Arctic, and eastern Asia were sometimes hundreds and even thousands of
times above acceptable norms.”

In its final chapter, the book declares that the
explosion of the Chernobyl nuclear plant “was the worst technogenic
accident in history.” And it examines “obstacles” to the reporting of
the true consequences of Chernobyl with a special focus on
“organizations associated with the nuclear industry” that “protect the
industry first—not the public.” Here, the IAEA and WHO are charged.

The book ends by quoting U.S. President John F.
Kennedy’s call in 1963 for an end of atmospheric testing of nuclear
weapons.“The Chernobyl catastrophe,” it declares, “demonstrates that the
nuclear industry’s willingness to risk the health of humanity and our
environment with nuclear power plants will result, not only
theoretically, but practically, in the same level of hazard as nuclear

Dr. Sherman, speaking of the IAEA’s and WHO’s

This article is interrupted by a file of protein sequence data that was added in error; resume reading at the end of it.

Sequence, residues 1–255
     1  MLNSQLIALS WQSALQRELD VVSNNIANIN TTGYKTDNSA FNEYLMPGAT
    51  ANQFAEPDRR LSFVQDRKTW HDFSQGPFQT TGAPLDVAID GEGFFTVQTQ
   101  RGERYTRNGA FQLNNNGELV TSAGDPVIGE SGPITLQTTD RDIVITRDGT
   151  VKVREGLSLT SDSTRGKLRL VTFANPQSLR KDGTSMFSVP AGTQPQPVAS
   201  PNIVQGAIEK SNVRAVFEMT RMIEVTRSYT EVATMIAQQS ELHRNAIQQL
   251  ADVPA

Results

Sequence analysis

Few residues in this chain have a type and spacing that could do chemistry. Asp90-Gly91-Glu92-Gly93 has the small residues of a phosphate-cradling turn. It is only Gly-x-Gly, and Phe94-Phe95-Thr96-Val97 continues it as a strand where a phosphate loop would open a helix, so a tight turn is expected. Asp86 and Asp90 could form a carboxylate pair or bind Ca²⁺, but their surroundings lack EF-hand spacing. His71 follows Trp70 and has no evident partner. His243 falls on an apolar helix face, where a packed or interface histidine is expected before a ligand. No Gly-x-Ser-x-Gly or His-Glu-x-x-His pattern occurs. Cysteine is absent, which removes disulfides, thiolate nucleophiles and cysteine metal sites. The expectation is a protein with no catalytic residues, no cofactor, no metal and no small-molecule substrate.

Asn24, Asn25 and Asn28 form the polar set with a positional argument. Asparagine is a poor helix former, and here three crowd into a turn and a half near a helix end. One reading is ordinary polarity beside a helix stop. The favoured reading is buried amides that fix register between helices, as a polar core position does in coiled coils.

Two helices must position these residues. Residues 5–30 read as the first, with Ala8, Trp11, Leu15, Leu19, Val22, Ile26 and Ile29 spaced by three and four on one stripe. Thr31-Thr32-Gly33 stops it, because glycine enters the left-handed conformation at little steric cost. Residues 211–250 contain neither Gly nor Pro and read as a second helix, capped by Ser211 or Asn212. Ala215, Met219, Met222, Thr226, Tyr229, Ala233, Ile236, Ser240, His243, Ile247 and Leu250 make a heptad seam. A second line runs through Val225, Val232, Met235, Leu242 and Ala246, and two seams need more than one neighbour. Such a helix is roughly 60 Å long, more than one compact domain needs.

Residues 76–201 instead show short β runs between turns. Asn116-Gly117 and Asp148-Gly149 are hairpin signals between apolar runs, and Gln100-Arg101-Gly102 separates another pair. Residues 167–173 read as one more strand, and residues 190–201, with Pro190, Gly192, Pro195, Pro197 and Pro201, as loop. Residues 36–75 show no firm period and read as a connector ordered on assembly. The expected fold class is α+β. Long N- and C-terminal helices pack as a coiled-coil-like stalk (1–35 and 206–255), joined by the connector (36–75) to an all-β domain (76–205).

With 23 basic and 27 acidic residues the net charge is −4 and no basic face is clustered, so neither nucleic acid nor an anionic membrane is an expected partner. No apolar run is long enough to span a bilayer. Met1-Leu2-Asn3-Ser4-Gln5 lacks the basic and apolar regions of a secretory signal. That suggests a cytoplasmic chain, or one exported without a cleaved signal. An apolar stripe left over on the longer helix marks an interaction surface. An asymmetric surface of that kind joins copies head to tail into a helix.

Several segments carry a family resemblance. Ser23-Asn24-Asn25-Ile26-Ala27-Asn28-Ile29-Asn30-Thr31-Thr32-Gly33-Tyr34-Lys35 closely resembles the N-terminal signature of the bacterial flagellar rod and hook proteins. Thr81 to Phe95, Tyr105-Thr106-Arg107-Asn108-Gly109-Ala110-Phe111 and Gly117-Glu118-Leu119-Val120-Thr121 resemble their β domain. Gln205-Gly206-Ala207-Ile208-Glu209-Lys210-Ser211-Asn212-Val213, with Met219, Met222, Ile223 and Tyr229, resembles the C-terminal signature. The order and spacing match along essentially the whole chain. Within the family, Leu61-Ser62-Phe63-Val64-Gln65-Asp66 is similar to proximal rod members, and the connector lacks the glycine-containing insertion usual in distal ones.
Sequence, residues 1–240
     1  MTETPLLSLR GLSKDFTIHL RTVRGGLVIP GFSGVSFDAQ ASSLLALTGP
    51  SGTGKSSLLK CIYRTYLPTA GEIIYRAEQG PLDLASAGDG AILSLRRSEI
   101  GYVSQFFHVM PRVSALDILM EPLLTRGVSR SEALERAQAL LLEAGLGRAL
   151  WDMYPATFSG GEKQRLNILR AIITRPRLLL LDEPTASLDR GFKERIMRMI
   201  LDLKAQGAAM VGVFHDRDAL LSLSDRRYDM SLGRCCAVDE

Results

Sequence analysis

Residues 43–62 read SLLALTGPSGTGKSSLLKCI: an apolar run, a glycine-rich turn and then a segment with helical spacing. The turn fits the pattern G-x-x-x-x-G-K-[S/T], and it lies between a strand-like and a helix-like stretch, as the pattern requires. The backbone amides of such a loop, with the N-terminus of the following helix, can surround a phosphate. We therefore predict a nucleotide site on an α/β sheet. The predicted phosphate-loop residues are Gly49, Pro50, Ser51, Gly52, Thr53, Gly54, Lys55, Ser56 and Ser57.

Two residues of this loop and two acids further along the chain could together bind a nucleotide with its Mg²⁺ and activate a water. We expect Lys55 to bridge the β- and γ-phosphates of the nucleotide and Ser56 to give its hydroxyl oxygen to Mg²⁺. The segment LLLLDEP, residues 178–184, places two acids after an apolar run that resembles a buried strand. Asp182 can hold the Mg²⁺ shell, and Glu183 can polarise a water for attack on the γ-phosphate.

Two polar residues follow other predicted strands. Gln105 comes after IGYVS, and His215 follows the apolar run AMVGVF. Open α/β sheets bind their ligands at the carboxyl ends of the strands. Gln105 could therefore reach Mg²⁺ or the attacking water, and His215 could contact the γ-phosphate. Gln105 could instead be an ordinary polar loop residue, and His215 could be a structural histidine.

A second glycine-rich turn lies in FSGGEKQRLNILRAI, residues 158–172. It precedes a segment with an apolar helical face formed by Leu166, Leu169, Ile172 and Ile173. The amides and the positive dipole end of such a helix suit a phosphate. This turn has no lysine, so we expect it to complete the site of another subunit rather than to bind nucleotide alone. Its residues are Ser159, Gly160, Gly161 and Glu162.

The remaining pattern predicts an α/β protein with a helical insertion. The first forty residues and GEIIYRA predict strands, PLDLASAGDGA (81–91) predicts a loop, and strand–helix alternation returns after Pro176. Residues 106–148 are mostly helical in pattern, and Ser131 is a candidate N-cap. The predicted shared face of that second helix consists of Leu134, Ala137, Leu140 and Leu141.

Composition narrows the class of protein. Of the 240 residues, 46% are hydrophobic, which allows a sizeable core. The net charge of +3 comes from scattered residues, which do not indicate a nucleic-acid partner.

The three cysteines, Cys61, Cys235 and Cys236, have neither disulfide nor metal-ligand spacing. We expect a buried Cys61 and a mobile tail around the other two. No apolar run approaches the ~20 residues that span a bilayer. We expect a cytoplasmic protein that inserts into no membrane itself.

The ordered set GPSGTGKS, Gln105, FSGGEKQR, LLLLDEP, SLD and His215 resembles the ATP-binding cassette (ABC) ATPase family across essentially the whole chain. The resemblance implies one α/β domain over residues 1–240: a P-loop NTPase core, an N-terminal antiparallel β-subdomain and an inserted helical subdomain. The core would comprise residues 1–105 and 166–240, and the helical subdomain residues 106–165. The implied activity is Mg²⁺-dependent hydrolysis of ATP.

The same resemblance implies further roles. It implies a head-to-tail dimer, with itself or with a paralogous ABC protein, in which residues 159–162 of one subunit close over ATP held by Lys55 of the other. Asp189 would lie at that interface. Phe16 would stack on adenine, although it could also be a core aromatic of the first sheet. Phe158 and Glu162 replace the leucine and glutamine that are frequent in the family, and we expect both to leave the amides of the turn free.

dealing with the impacts of Chernobyl, commented: “It’s like Dracula
guarding the blood bank.” The 1959 agreement under which WHO “is not to
be independent of the IAEA” but must clear any information it obtains on
issues involving radioactivity with the IAEA has put “the two in bed

Of her reflections on 14 months editing the book,
she said: “Every single system that was studied—whether human or wolves
or livestock or fish or trees or mushrooms or bacteria—all were changed,
some of them irreversibly. The scope of the damage is stunning.”

In his foreword, Dr. Dimitro Grodzinsky, chairman
of the Ukranian National Commission on Radiation Protection, writes
about how “apologists of nuclear power” sought to hide the real impacts
of the Chernobyl disaster from the time when the accident occurred. The
book “provides the largest and most complete collection of data
concerning the negative consequences of Chernobyl on the health of
people and the environment…The main conclusion of the book is that it
is impossible and wrong ‘to forget Chernobyl.’”

In the record of Big Lies, the claim of the
IAEA-WHO that “only” 4,000 people will die as a result of the Chernobyl
catastrophe is among the biggest.

The Chernobyl accident is, as the new book
documents, an ongoing global catastrophe.

And it is a clear call for no new nuclear power
plants to be built and for the closing of the dangerous atomic machines
now running—and a switch to safe energy technologies, now available, led
by solar and wind energy, that will not leave nearly a million people
dead from one disaster.